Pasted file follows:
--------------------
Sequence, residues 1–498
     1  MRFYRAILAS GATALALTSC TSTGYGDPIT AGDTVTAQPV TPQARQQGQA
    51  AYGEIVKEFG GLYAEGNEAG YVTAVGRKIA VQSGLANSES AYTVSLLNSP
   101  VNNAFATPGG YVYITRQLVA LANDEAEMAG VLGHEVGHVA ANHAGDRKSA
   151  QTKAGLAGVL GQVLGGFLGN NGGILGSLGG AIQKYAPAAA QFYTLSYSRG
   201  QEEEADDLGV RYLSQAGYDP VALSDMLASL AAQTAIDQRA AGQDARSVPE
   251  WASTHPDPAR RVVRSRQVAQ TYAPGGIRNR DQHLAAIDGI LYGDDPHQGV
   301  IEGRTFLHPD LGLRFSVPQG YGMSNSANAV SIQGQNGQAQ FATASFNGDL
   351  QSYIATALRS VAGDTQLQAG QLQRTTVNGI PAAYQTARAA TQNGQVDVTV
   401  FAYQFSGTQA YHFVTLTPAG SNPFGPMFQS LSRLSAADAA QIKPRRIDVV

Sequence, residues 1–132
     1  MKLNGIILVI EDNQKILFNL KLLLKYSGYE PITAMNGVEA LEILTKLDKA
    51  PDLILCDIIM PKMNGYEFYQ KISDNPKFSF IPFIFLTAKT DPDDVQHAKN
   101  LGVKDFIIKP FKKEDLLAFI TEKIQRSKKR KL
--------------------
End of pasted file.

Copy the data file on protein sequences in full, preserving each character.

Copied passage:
Sequence, residues 1–498
     1  MRFYRAILAS GATALALTSC TSTGYGDPIT AGDTVTAQPV TPQARQQGQA
    51  AYGEIVKEFG GLYAEGNEAG YVTAVGRKIA VQSGLANSES AYTVSLLNSP
   101  VNNAFATPGG YVYITRQLVA LANDEAEMAG VLGHEVGHVA ANHAGDRKSA
   151  QTKAGLAGVL GQVLGGFLGN NGGILGSLGG AIQKYAPAAA QFYTLSYSRG
   201  QEEEADDLGV RYLSQAGYDP VALSDMLASL AAQTAIDQRA AGQDARSVPE
   251  WASTHPDPAR RVVRSRQVAQ TYAPGGIRNR DQHLAAIDGI LYGDDPHQGV
   301  IEGRTFLHPD LGLRFSVPQG YGMSNSANAV SIQGQNGQAQ FATASFNGDL
   351  QSYIATALRS VAGDTQLQAG QLQRTTVNGI PAAYQTARAA TQNGQVDVTV
   401  FAYQFSGTQA YHFVTLTPAG SNPFGPMFQS LSRLSAADAA QIKPRRIDVV

Sequence, residues 1–132
     1  MKLNGIILVI EDNQKILFNL KLLLKYSGYE PITAMNGVEA LEILTKLDKA
    51  PDLILCDIIM PKMNGYEFYQ KISDNPKFSF IPFIFLTAKT DPDDVQHAKN
   101  LGVKDFIIKP FKKEDLLAFI TEKIQRSKKR KL